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The AAPG/Datapages Combined Publications Database

AAPG Bulletin


Volume: 57 (1973)

Issue: 4. (April)

First Page: 812

Last Page: 812

Title: Comparison of Geologic Cycles of Earth, Moon, and Mars: ABSTRACT

Author(s): Raymond C. Wilson, M. Dane Picard

Article Type: Meeting abstract


The geologic cycle of a planet depicts the interaction of impact, surface, and internal tectonic processes on the planetary surface. The earth has a "closed-loop" geologic cycle in which source rocks are eroded but are continuously recycled. In contrast, the moon apparently has an "open-loop" geologic cycle in which the primitive crust is irreversibly destroyed. On the earth, impact plays a minor role and surface and tectonic processes are approximately equally active. That is, if averaged over the globe through geologic history, the rate of uplift equals the rate of erosion. On the moon, impact processes are dominant and there are only minor surface and tectonic effects. Preliminary interpretations of the rock cycle and the "ice cycle" of Mars are presented as sources of questions for future analysis. Apparently, the geologic cycle of Mars involves surface and tectonic phenomena as well as impact phenomena.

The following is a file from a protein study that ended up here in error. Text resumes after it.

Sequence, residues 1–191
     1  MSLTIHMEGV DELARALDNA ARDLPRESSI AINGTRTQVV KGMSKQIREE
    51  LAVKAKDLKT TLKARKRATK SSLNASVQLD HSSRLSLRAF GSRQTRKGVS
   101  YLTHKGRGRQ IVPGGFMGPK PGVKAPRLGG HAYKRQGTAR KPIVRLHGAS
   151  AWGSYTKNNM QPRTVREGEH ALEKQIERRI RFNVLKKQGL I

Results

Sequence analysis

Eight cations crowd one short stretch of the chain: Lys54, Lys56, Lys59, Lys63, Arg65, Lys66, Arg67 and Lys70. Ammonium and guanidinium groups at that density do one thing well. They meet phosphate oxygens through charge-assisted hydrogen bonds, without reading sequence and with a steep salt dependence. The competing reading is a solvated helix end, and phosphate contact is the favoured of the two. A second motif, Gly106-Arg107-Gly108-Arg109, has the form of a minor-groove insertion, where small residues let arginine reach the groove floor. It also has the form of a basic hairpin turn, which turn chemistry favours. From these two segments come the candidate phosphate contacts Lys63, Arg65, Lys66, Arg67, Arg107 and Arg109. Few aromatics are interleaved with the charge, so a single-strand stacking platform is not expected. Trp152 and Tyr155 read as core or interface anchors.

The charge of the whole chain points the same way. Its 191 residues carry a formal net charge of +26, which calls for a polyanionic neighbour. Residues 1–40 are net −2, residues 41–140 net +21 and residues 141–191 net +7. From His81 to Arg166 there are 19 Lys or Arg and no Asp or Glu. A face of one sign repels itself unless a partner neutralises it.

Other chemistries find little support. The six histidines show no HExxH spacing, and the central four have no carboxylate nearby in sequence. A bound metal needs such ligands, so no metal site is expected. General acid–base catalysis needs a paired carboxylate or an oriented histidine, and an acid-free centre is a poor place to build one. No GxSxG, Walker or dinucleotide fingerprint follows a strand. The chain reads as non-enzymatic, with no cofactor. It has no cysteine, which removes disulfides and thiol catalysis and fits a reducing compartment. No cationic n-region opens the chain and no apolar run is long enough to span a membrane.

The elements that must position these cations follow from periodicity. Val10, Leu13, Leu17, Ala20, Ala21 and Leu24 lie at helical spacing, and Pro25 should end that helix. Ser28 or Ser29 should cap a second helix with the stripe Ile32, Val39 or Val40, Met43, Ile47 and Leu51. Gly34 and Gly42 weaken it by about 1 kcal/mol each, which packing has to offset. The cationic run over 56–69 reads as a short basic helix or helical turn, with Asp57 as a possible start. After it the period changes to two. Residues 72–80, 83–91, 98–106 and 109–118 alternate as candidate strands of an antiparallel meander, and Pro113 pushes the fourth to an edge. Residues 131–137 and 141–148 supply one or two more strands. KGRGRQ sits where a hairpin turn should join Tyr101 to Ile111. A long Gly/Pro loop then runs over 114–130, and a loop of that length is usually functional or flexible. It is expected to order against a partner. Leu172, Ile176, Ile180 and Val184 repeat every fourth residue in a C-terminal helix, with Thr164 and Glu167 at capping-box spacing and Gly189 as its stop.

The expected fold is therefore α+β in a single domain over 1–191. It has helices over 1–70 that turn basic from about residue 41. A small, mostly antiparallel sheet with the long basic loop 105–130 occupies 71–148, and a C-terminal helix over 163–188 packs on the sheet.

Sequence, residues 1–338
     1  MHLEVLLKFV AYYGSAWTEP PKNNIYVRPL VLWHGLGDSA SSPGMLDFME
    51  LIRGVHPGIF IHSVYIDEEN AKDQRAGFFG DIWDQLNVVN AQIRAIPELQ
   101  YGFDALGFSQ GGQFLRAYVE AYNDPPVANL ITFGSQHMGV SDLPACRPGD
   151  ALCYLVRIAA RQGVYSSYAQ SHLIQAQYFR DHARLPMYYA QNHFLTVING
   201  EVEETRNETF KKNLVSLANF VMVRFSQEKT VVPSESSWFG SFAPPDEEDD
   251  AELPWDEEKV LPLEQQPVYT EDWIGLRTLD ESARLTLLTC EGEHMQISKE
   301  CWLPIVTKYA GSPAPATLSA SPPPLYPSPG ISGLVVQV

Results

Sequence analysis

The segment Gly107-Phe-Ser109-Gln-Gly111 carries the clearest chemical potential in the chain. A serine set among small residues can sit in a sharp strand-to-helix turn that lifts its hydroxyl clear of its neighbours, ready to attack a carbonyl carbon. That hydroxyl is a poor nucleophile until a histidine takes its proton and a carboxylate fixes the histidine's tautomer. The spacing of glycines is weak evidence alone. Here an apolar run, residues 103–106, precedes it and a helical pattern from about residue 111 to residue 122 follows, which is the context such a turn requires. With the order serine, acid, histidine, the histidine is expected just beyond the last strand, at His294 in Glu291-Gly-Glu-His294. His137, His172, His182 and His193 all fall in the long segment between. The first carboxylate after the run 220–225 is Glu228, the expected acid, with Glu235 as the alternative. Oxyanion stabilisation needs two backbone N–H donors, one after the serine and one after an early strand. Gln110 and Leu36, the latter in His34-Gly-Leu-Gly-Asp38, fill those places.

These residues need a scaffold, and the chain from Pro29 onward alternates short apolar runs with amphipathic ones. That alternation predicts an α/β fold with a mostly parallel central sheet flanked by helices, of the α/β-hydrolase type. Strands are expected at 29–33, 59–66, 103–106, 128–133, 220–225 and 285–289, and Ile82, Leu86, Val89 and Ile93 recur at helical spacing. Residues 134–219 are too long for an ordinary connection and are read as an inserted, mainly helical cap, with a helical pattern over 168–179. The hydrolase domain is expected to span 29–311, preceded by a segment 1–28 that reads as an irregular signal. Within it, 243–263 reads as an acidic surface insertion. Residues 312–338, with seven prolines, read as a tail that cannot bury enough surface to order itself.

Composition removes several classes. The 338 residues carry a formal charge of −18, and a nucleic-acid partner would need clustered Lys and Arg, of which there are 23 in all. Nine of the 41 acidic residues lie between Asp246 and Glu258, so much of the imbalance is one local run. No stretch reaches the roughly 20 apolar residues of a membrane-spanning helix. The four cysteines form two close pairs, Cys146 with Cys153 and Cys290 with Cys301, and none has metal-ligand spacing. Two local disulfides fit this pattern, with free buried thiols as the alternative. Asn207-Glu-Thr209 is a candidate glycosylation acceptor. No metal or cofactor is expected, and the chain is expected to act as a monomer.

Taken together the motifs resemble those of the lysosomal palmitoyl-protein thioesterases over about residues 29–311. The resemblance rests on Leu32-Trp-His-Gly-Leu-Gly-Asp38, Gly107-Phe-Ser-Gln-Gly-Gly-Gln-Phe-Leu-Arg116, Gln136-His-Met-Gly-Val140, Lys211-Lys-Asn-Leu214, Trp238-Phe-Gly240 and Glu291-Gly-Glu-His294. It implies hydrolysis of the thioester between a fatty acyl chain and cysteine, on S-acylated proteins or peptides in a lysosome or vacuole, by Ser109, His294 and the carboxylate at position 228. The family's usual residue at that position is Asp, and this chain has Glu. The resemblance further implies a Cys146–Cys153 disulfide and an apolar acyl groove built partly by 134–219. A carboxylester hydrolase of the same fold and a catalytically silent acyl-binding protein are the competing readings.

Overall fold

Surface processes active on Mars include eolian erosion and deposition. The "channels" in the equatorial regions are evidence of intermittent stream erosion. The tectonic processes of Mars have been investigated by mapping regional stress patterns from analysis of observed lineament (fracture) systems.

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Copyright 1997 American Association of Petroleum Geologists